By Aleksandra Piotrow
“They give it like a vitamin,” says 31-year-old Sielke Kelner about doctors prescribing the contraceptive pill. Four years ago, at just 27, she had a thrombosis. A blood clot formed in one of the veins in her brain. The doctors never told her about side effects she could suffer from when giving her the Pill. “They didn’t even mention one side effect, not even talking about the possibility of thrombosis,” she says.
She was fortunate to avoid long-term effects. “The neurological thrombosis can cause paralysis, so I was very lucky not to be impacted for life,” she says. Sielke was treated for six months with anticoagulants and was told she’d have to take them for the rest of her life. But another doctor told her that the thrombosis was caused by the contraceptives, so once she’d stopped taking them no further treatment was necessary.
“They give it like a vitamin.They didn’t even mention one side effect, not even talking about the possibility of thrombosis”
Thrombosis is one of the most serious side effects that the combined oral contraceptive pill (COCP) can cause. A 2009 study published in the British Medical Journal found that all Pills available on the market increase the risk of venous thrombosis fivefold in relative terms. This means that women who take them are five times more likely to have thrombosis compared to women who don’t. It has also been found that many women do not use the safest brands.
Dr Frits Rosendaal, the Chairman of the Council of the International Society on Thrombosis and Haemostasis, who lead the study, says researchers knew the Pill can cause thrombosis soon after it came on the market in the 1960s. But their most recent study found that three types are most dangerous.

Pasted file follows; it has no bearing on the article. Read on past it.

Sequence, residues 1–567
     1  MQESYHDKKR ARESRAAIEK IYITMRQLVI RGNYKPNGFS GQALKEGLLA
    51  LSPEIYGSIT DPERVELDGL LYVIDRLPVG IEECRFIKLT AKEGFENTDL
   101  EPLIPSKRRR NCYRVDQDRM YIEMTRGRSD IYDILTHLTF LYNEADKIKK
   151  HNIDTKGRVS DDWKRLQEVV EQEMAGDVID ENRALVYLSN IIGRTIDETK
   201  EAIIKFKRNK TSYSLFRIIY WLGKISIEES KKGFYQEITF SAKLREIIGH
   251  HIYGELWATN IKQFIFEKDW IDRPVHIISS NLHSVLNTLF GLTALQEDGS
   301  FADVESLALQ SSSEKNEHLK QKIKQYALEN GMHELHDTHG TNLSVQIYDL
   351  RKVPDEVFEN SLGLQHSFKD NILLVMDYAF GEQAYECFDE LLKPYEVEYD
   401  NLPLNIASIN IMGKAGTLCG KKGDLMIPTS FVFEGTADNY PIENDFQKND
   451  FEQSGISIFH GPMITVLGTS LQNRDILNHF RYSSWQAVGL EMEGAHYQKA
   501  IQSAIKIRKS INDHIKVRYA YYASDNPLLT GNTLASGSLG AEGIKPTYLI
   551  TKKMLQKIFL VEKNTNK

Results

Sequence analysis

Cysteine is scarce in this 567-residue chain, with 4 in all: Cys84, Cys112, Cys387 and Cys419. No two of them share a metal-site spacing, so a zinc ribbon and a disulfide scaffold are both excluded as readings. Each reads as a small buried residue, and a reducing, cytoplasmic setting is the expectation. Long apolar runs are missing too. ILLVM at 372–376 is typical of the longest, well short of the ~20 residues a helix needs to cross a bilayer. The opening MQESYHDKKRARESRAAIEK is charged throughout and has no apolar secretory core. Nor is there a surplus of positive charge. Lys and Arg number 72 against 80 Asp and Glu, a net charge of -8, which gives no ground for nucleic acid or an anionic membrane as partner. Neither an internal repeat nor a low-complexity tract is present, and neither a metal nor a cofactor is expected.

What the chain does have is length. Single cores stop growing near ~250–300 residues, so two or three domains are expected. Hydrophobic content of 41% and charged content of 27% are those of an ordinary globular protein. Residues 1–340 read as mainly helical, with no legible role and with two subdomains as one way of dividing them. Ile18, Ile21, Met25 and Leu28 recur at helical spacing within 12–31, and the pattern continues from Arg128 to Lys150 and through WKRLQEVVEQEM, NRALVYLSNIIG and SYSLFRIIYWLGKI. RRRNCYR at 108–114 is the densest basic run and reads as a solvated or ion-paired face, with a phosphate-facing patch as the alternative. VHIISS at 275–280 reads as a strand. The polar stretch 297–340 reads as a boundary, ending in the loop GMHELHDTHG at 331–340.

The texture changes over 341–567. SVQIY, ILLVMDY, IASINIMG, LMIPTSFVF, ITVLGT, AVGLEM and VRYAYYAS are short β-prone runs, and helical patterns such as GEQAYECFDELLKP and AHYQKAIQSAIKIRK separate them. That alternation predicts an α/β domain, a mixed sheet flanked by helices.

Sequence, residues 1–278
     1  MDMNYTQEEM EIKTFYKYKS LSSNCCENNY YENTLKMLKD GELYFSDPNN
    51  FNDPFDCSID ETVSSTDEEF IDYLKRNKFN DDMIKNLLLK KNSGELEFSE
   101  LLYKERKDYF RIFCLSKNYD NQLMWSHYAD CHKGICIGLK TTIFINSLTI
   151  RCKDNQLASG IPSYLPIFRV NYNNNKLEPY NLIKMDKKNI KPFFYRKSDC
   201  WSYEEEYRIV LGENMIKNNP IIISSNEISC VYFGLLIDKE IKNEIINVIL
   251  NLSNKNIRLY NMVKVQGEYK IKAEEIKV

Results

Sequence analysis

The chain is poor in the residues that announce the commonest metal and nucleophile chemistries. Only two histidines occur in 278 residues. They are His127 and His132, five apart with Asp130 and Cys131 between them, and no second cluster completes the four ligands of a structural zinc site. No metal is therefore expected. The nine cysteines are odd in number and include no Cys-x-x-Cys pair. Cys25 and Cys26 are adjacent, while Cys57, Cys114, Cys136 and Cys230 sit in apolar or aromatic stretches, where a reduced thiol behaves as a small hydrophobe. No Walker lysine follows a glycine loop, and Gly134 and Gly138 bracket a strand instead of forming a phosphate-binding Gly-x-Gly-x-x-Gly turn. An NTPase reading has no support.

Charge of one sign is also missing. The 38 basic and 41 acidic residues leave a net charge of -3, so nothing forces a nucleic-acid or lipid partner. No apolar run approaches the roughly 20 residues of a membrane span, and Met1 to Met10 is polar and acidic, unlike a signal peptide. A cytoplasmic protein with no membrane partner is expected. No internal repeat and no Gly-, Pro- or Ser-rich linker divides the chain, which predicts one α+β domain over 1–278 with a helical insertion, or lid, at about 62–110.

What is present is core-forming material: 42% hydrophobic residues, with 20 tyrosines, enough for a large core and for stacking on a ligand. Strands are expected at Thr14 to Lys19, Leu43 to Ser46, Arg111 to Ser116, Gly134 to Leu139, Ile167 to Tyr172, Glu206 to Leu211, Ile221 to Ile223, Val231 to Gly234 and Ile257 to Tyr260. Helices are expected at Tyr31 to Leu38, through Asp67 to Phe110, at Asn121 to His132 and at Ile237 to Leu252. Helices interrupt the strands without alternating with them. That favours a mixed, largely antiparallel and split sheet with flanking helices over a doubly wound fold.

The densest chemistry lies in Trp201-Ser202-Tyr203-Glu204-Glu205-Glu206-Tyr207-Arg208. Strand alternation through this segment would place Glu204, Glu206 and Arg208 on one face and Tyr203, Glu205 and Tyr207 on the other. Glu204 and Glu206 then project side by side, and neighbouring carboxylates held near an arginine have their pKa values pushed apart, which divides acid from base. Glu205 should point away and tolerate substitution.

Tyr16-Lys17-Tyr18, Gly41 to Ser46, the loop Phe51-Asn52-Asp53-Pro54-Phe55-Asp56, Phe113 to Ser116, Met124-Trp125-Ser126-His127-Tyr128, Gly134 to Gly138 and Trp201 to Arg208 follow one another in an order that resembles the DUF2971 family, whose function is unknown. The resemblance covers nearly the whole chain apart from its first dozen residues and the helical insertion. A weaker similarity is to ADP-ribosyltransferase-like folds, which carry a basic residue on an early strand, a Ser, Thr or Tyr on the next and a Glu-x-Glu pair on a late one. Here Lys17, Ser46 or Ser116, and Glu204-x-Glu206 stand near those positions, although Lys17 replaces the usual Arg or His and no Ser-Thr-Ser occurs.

“The so-called 3rd generation pill containing progestin called Desogestrel or Getodene , 4th generation pill containing progestin called Drospirenone, and pills containing Cyproterone acetate have the highest risk of thrombosis,” he says.
The overall likelihood of thrombosis – the absolute risk – related to the COCPs is not very high. Dr Rosendaal says it is around one to four women per 10,000. In the UK, out of three and a half million of women taking the pill, around 350-1400 per year will most likely develop thrombosis. But around 10 per cent of those will die.
“The risk is very low, but when thrombosis happens it can be fatal. My idea is that if they are all equally good at preventing a pregnancy why would women want to take one that has a higher risk?” he says.
“I was really worried about what effect it was going on have to my body and how it is going to affect my hormones and both of them said there is no evidence that it does anything”
A lack of awareness
The problem is many women are simply unaware of the serious side effects they may suffer from. Our survey of 90 British women aged between 18 and 55 shows that almost 67 per cent don’t recall the doctor specifically telling them about side effects.
Hafiza Ali, a 21-year old from Bath, says that two nurses, one in Bath and one in a sex health clinic in London, didn’t give her information about side effects when she asked. “I was really worried about what effect it was going on have to my body and how it is going to affect my hormones and both of them said there is no evidence that it does anything,” she says.
Hafiza told the nurse in London that she was concerned because the previous time she took the birth control it made her feel very depressed and lowered her libido. But Hafiza said the nurse was reluctant to have a conversation about it. “I was like, fine, I’m gonna go home and do my own research,” she says.
Dr Jasmine Just, from Cancer Research UK, says that the risk profile related to oral contraceptives varies for individuals and that’s why it is a decision women should discuss in depth with their GPs.
“It is very important that they take a proper medical history, whether they take any other medications, if they are non-smoker or a smoker and, ideally, they should be running through major side effects so that the woman can make an informed decision,” she says.
Other effects of the Pill